2011 LR4 Misfire/rough idle

Discussion in 'LR4' started by TheDave, Oct 19, 2018.

  1. TheDave

    TheDave Member

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    2011 LR4 with 118k miles. Owned this truck since it had 18k miles, no previous engine problems.

    I was driving to an appointment yesterday and was running late as well as was almost out of gas. Usually never get below 1/4 of a tank, but got the “low fuel” notification while en route, so i stopped and put half a tank in from a random gas station along my way. Would say I had about 15 miles until empty.

    After my appointment, about 3-4 miles away from the gas station, I managed to get about 2 miles down the road and was sitting at a stoplight when the vehicle started vibrating abnormally. I look at the dash and see my RPMs fluctuating, check engine light comes on and starts flashing (misfire I presume from previous experience, as well as would explain the rough engine idle), “Reduced Performance” notification, as well as a slight smokey haze coming from the exhaust (smelling strongly of fuel). I pulled off the road and got the truck towed home. I’ve since started the truck a handful of times, but hesitant to let it run longer than 20-30 seconds because of the fuel smell from the exhaust. I noticed that the passenger side exhaust has a vaporized fuel appearance (doesn’t appear to be oil or water smoke, pretty confident it’s fuel) for a few seconds after shutting the truck off. Oil and coolant levels appear to be normal. The truck did not overheat.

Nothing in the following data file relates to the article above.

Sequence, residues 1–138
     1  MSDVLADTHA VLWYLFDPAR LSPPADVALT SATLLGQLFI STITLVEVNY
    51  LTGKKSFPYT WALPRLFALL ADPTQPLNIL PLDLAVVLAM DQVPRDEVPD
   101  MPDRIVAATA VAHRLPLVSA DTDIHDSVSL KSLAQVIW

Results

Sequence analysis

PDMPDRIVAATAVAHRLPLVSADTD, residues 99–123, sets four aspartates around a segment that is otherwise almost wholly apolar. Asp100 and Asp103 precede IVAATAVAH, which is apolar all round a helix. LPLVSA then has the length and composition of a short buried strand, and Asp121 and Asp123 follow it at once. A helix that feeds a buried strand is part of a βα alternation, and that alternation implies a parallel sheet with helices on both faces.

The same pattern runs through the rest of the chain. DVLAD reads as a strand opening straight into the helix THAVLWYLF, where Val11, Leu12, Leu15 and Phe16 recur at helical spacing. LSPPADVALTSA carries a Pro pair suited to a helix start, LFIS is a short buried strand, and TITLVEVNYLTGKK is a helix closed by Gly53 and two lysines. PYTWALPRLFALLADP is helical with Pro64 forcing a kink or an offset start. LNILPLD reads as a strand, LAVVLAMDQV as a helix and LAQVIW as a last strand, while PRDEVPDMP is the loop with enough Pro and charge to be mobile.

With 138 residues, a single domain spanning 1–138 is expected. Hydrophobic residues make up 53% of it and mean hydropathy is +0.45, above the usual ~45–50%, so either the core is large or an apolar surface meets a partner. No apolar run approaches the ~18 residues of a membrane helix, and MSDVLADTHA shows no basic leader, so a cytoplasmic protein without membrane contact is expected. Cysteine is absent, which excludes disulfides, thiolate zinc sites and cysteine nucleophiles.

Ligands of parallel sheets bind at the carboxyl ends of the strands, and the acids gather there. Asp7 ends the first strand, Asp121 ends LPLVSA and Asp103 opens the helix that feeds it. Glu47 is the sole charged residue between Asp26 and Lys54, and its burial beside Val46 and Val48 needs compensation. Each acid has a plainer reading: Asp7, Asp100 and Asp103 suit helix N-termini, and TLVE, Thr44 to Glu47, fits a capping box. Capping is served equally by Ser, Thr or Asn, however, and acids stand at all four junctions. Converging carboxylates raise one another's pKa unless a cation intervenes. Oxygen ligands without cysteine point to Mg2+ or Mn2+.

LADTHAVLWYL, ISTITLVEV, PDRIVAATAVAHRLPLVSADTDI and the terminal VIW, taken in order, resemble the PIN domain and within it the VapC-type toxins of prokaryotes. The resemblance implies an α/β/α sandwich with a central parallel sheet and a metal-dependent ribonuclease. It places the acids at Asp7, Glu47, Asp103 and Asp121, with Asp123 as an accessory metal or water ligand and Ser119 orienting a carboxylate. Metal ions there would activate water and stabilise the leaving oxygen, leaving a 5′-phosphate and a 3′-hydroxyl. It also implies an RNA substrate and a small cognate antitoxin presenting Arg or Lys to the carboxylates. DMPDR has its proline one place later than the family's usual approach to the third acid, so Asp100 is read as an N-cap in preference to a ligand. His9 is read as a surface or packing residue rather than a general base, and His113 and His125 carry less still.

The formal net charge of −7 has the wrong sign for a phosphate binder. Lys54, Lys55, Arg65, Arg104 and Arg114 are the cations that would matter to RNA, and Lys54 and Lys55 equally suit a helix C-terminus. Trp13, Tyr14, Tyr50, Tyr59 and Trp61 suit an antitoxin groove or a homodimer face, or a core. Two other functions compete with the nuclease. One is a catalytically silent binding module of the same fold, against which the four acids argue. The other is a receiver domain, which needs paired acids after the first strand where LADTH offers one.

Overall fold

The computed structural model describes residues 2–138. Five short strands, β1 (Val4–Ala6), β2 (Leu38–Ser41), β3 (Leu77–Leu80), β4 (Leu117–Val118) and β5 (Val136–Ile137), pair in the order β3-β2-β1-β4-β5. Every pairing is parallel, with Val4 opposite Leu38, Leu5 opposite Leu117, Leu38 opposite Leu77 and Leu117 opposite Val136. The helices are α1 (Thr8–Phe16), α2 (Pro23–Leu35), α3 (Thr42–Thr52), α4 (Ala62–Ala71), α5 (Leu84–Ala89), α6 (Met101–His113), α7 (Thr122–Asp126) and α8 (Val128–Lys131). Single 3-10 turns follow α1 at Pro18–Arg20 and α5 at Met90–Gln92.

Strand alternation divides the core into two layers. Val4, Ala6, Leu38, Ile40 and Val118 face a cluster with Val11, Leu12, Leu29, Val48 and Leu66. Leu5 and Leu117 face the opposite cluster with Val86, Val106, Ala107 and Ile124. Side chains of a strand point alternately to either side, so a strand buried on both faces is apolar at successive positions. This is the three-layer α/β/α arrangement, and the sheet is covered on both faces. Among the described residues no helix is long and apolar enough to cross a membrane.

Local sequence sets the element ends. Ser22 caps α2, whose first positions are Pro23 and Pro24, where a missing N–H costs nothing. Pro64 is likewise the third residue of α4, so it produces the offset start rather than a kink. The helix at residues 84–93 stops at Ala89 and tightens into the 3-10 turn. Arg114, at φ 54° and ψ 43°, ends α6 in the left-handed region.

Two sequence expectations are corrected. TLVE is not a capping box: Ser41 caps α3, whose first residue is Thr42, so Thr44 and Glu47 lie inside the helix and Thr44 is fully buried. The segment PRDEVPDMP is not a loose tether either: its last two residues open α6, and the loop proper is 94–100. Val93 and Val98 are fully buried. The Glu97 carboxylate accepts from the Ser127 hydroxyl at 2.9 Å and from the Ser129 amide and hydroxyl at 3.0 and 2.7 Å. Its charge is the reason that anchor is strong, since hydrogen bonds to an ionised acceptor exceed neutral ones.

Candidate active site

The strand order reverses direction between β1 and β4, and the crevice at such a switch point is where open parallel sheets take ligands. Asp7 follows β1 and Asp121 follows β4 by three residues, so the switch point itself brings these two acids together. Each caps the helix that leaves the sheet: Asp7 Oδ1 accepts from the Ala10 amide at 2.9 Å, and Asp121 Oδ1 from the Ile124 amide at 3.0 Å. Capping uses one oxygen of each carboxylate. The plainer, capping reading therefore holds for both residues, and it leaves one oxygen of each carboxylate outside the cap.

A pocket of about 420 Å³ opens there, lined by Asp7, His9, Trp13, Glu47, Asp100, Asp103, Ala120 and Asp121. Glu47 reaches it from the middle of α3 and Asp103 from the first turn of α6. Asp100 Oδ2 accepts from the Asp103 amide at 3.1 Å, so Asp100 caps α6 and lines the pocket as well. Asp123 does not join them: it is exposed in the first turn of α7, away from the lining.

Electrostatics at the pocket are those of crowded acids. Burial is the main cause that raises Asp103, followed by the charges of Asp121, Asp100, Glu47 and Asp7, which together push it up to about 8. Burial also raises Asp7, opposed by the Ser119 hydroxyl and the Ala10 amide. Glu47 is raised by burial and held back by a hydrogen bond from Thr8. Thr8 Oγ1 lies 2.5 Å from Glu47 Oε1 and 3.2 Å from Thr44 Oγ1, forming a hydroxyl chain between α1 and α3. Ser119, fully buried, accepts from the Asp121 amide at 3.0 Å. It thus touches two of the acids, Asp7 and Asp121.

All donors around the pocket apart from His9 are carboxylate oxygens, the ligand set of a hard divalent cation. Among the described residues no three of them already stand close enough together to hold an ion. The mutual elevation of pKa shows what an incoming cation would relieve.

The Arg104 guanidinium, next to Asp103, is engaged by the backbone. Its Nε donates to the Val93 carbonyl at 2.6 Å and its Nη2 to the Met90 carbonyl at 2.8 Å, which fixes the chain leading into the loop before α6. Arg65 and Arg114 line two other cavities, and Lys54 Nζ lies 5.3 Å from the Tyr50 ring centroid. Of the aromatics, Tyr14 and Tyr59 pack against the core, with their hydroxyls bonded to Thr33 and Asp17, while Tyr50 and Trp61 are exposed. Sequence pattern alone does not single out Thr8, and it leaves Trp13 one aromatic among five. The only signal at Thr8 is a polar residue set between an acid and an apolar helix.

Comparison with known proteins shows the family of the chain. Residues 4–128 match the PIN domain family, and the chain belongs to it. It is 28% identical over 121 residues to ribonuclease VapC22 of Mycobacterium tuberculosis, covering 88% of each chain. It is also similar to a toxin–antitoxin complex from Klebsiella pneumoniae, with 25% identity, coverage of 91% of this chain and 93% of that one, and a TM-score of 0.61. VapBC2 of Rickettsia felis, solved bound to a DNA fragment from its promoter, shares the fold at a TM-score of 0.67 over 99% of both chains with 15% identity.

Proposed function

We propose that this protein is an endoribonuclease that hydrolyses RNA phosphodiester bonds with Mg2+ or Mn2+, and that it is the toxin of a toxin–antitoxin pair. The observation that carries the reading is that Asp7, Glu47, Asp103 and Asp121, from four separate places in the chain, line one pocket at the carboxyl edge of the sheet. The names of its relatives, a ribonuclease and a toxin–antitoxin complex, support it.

I’m going to change the plugs out because they are beyond due. Also going to grab a code reader to get additional info since I don’t want to drive the truck to the parts store to get the codes. I’m considering a seafoam cleansing, but mostly want to get the codes first so I have a better idea of where to start a diagnosis.

    I know running the tank that low was dumb and I’m kicking myself for it, hoping I didn’t do any damage. However, I’m thinking it could be bad fuel also. Could there be air in the fuel line? I know the codes will provide a bit more insight, but posting for now in case someone recognizes the symptoms.
     
    Last edited: Oct 19, 2018
  2. ktm525

    ktm525 Full Access Member

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    Could be bad gas . Start simple before getting crazy.